Justin Rose: Why Giving Him 2 Shots Back at the Players Was the Correct Decision

Kathy BissellCorrespondent IMay 11, 2014

Sergio Garcia and Justin Rose finish Saturday's round.
Sergio Garcia and Justin Rose finish Saturday's round.Associated Press

The PGA Tour rules staff apparently forgot about rules decision 18-4 having to do with “sophisticated technology” meaning HDTV, zoom lenses and slow-motion technology when it came to assessing Justin Rose a two-stroke penalty at The Players Championship on Saturday.

After Rose had a question regarding his golf ball on the 18th hole, he could have called in a rules official, but he elected not to do that because both he and Sergio Garcia determined that it was the TPC Sawgrass turf that moved, not the ball. 

After the round, but before Rose signed his scorecard, rule officials headed to the television trucks—which they have habitually done when there is a rules question, in the event that the answer is visible on video.

Zooming in a bunch of times, someone determined the ball moved slightly. But that movement was not visible with the naked eye to Justin Rose at the time.

What did it look like to Rose?

“It was a very, incredibly spongy, thatchy, bit of fairway and the whole sort of surface underneath my wedge gave way,” Rose said later after being advised he was being assessed a two-stroke penalty. “That was a bitter pill to swallow at the end of a battling day.”

So did the ball move, or did the entire surface move, making it look like the ball moved? Or did the surface move, causing the ball to move? No one on site could determine that without the help of technology.

The HDTV and zoom lenses had an answer, but after 18-4, they are no longer supposed to be used to asses penalties that cannot be seen by a person on site using no magnification. That’s where decision 18-4 is supposed to take over, but it didn’t at the time.

Rose felt that the ball alone did not move. “The whole area trampolined,” he added.

In January, it was determined that any ruling made regarding ball movement that could only be seen or proven by use of sophisticated technology and not visible by the naked eye can no longer be made. Some felt it was because of Tiger Woods and the “wood chips-gate” ruling last fall, but the PGA Tour said it had been lobbying for this rule change for some time.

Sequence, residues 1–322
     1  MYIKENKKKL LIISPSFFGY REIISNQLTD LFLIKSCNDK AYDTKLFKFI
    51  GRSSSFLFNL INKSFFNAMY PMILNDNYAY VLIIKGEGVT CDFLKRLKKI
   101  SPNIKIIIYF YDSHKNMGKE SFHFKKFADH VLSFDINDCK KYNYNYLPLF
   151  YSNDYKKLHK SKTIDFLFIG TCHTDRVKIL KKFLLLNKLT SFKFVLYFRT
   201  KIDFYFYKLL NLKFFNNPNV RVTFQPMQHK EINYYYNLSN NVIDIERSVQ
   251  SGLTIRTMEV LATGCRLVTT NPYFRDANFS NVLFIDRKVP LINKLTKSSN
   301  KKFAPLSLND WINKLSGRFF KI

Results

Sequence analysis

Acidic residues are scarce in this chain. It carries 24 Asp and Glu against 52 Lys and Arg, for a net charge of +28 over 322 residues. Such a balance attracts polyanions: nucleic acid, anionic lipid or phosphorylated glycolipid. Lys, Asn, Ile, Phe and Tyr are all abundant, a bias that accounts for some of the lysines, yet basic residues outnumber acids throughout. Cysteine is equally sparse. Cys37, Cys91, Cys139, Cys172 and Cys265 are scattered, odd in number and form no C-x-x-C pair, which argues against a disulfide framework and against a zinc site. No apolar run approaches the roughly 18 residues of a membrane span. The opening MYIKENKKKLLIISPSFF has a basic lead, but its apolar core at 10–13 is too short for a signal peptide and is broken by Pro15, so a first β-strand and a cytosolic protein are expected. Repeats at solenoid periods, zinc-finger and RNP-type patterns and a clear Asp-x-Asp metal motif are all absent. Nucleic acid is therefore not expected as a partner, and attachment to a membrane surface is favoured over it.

Sometime Saturday evening, rules officials, in conversation with each other, realized that the only reason they assessed the penalty to Rose was because of the HDTV and the zooming. They all realized they had not applied rule 18-4. They discussed it with officials from the USGA and the R&A, and the consensus was they had not applied 18-4 and would rescind the two-stroke penalty prior to Justin Rose teeing off Sunday morning.

The decision was made at about 10 a.m. ET, and officials called Rose into the office at about 11 a.m. to inform him. It was too late to redo the tee times, and so Rose went off as though he had posted 73 instead of 71.  

Because the ruling could only be made against Rose by using extraordinary efforts with high-level technology, it was not made at all in accordance with decision 18-4 in the rules of golf.


Kathy Bissell is a golf writer for Bleacher Report. Unless otherwise noted, all quotes were obtained first-hand or from official interview materials from the USGA, PGA Tour or PGA of America.